Davidson: “I have a very high arm-slot and get good vertical, good ride. I average 17 inches of induced vertical break, which is about an inch to an inch and a half higher than league average. It’s appearing to rise, even though I don’t have all the spin to help create that. I’m usually around 2,000 [rpm], average to a little below average.

“In drier climates, they tend to be a little lower. The more humid, I can kind of spin the ball better. I came up with the Braves and there is a lot of humidity in Atlanta. I’ve kind of adapted to… when it’s humid, the balls kind of feels stickier — not stickier, but rather like I’ve got a better grip, versus when there’s a drier climate and the ball almost feels dusty to me. I feel like that might have some correlation to spin rate. How the ball is coming off your fingers can vary.”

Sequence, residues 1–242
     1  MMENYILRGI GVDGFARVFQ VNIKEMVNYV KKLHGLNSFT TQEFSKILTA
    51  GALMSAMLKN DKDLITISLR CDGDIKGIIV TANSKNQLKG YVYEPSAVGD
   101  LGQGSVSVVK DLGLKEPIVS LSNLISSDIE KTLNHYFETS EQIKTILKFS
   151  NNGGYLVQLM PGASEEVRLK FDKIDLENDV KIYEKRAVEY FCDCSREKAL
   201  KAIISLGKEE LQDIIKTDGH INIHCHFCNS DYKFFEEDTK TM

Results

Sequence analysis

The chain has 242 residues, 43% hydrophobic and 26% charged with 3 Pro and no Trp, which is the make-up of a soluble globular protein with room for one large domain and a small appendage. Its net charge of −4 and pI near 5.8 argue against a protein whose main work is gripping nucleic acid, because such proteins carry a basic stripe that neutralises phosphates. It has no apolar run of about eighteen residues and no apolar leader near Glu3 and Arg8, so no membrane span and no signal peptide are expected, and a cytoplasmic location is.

Laurila: Does spin rate matter to you?

Davidson: “Spin rate is useful to me, but it’s also not as useful as I think it’s been set out to be in the world. That said, if you have an outlier — if you have elite spin and are throwing a curveball at 3,400 rpm versus a league average around 2,500 — that’s going to be a factor.”

Laurila: Did you ever try to get more spin on your four-seam?

Davidson: “I think everybody tries to at some point, but then you’re like, ‘Well, this is who I am, and I need to be the best of who I am.’ One thing I have asked is, ‘Does hand strength play into finger flexibility? Is there any way we can create it?’ Nobody really has an answer to how you create more spin, unless you’re using a foreign substance. Even so, spinning the ball at 2,000 doesn’t mean I can’t pitch up in the zone.”

Laurila: How much does your slider spin?